<button class="form-button login-button" type="submit">Login</button>

This selector would be too generic:


This one too specific:

page.locator("form > button.form-button.login-button");

While this one is resilient to DOM changes and restrictive enough to select the desired element:

page.getByRole("form > button", { type: "submit" });

Devising the right selectors is an art. However, remember that Playwright can generate test code as you take actions in the browser. Thanks to this advanced feature, the tool will analyze the DOM of your target page and figure out the best selectors for you.

5. Ignoring Playwright's Debugging Capabilities

Don't forget that a test can fail not only because of issues with the functionality being tested, but also because of a bug in the test code itself. Here's why it's so important to debug your scripts. Playwright comes to the rescue with several advanced, powerful, built-in debugging tools. These include:

  • Debug mode: Running a test with the --debug option opens the Playwright Inspector. This GUI tool allows you to step through a running script, edit locators in real time, and see actionability logs. This is a built-in alternative to the recommended way to debug tests in Playwright (using your IDE's debugger). If you are using Visual Studio Code, take a look at the Playwright Test for VSCode extension.
  • Logs: If you use console.log() directly in your script, it won't work. To leverage that function, you need to wrap it with the page.evaluate() method, as below:
await page.evaluate(() => { console.log("Page title:", document.title); });

Printing values in the console will help you identify bugs and understand how your code is behaving.

  • Breakpoints: You can define breakpoints in your tests with the page.pause() function. When encountering this instruction, Playwright will stop executing the script and wait for the user to click the “Resume” button in the page overlay, or call playwright.resume() in the DevTools console.

6. Failing to Handle Errors

Your tests can throw errors and exceptions. Ignoring them can lead to false positives or negatives, undermining the effectiveness of the entire testing process. To avoid that issue, it's crucial to handle exceptions and errors gracefully.

In Playwright, you can implement error handling with the try-catch statement:

test("example test", async () => { // test logic... try { // specific test operation } catch (error) { // handle error here } // test continues... });

In this example, the try block contains test code that could potentially throw an error. That will be caught by the catch block, which might log some data, retry the operation, or take another action depending on the specific situation.

Thus, it's important to distinguish between issues in your Node.js application and errors in tests. Implementing proper error handling will help you identify and isolate the latter.

7. Relying on Hard Waits

Hard waits, also known as static or fixed waits, involve pausing test execution for a specific amount of time. Playwright supports hard waits through the page.waitForTimeout() function:

// wait for 2 second page.waitForTimeout(2000);

The official docs mark this feature as 'discouraged', clearly stating that you should never rely on it in production. The reason is that, in most cases, it's virtually impossible to know the right timeout to keep on hold. The same test may be successful once and then fail because of a network slowdown. In addition, hard waits introduce unnecessary delays. That's especially true if the pending operation completes way before the specified duration.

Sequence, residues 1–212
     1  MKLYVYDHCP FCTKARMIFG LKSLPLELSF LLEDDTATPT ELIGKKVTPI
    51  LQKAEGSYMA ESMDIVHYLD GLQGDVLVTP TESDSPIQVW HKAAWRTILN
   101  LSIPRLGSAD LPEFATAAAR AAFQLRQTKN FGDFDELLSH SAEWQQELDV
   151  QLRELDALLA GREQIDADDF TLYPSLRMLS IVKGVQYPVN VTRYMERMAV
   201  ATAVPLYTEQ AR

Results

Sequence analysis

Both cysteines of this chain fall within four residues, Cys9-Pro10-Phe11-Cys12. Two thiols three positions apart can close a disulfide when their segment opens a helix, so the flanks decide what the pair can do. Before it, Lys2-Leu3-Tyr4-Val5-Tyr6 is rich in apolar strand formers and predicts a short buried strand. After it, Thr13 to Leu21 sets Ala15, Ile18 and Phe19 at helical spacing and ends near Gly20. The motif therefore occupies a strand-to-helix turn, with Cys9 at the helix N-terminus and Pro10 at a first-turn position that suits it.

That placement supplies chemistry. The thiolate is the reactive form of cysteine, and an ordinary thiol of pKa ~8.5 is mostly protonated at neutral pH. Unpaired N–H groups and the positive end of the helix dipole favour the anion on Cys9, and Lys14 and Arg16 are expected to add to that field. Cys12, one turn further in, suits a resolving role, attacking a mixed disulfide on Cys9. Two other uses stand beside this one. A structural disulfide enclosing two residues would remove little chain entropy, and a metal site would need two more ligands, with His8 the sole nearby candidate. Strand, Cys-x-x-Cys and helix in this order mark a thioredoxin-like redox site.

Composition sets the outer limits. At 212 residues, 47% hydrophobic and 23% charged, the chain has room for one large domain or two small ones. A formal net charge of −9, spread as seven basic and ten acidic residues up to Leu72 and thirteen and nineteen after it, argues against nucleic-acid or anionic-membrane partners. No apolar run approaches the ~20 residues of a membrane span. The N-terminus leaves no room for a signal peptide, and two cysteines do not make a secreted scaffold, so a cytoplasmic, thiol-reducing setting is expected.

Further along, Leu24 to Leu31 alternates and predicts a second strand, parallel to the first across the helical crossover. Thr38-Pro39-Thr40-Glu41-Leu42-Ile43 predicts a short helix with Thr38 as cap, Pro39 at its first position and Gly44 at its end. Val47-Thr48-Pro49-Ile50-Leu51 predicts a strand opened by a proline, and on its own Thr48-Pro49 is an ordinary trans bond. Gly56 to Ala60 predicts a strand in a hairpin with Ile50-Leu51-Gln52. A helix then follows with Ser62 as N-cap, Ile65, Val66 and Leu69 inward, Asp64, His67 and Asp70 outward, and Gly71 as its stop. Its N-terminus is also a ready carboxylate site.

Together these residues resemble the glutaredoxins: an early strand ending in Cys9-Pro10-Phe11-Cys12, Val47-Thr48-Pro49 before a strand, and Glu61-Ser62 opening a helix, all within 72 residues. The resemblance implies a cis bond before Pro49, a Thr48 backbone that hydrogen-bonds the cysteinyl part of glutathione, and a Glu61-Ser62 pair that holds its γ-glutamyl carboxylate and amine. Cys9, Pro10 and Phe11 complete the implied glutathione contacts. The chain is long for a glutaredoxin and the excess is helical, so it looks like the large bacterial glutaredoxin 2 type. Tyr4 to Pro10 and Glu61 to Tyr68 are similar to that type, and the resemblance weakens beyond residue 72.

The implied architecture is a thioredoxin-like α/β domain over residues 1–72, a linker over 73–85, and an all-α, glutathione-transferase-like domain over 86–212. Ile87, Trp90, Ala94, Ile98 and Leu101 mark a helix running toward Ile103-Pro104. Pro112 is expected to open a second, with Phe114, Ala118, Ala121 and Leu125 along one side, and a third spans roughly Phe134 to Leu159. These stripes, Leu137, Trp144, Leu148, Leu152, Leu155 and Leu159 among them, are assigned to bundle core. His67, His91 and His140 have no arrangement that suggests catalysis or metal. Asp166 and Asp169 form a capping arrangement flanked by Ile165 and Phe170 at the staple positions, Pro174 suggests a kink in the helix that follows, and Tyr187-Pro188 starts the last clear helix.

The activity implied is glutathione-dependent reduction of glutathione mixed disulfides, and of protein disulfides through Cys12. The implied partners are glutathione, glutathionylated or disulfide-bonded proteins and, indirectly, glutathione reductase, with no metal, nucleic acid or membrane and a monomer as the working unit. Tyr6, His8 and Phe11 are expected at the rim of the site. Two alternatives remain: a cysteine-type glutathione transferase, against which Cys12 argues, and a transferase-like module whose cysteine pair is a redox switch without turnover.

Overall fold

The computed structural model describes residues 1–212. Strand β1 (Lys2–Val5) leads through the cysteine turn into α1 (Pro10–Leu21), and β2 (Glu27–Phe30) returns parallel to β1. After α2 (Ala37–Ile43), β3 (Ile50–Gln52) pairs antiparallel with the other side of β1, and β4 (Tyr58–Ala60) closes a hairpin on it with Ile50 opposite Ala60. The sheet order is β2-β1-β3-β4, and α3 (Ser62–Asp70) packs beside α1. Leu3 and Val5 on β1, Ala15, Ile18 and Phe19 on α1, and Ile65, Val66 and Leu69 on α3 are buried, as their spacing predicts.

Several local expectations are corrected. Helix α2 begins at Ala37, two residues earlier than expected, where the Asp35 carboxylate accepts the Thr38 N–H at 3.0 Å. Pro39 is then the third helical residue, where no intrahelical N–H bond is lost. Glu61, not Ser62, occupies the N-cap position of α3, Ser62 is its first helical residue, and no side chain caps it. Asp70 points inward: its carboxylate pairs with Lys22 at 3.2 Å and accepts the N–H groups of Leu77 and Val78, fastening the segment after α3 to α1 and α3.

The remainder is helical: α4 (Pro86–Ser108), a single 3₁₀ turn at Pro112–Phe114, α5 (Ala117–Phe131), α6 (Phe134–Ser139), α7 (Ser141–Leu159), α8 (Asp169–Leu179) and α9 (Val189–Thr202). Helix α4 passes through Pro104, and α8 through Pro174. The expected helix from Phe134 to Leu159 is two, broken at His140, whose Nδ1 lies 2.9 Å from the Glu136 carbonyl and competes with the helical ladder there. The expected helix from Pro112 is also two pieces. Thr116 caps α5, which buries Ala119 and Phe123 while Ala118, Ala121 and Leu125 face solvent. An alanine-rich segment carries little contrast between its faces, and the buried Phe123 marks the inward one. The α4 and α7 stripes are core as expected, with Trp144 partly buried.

For this reason, Playwright also provides built-in smart wait functions. These allow you to wait for specific events to occur before proceeding with test execution. Some of the most popular ones are:

  • page.waitForSelector(): Waits until an element matching the specified selector is present in the DOM.
  • page.waitForNavigation(): Waits for a navigation event to occur, such as clicking a link or submitting a form, before continuing with the test.
  • page.waitForFunction(): Waits until the provided JavaScript predicate function returns a truthy value.

These functions are designed to wait for dynamic elements, page navigation, network requests, and other asynchronous operations. Thanks to them, it's possible to guarantee a test's progress as soon as the desired conditions are met.

Wrapping Up: Don't Let Common Playwright Mistakes Slow You Down!

In this blog post, we explored the most common mistakes you can make in Playwright, their effects on your tests, and how to avoid them.

You now know:

  • How important it is to configure Playwright and use all of its features
  • What elements to exclude from your testing logic
  • What functions and methods to avoid

Thanks for reading!

P.S. If you liked this post, subscribe to our JavaScript Sorcery list for a monthly deep dive into more magical JavaScript tips and tricks.

P.P.S. If you need an APM for your Node.js app, go and check out the AppSignal APM for Node.js.

Antonello Zanini

Antonello Zanini

Guest author Antonello is a software engineer, but prefers to call himself a Technology Bishop. Spreading knowledge through writing is his mission.

All articles by Antonello Zanini

Become our next author!

Find out more

AppSignal monitors your apps

AppSignal provides insights for Ruby, Rails, Elixir, Phoenix, Node.js, Express and many other frameworks and libraries. We are located in beautiful Amsterdam. We love stroopwafels. If you do too, let us know. We might send you some!

Discover AppSignal
AppSignal monitors your apps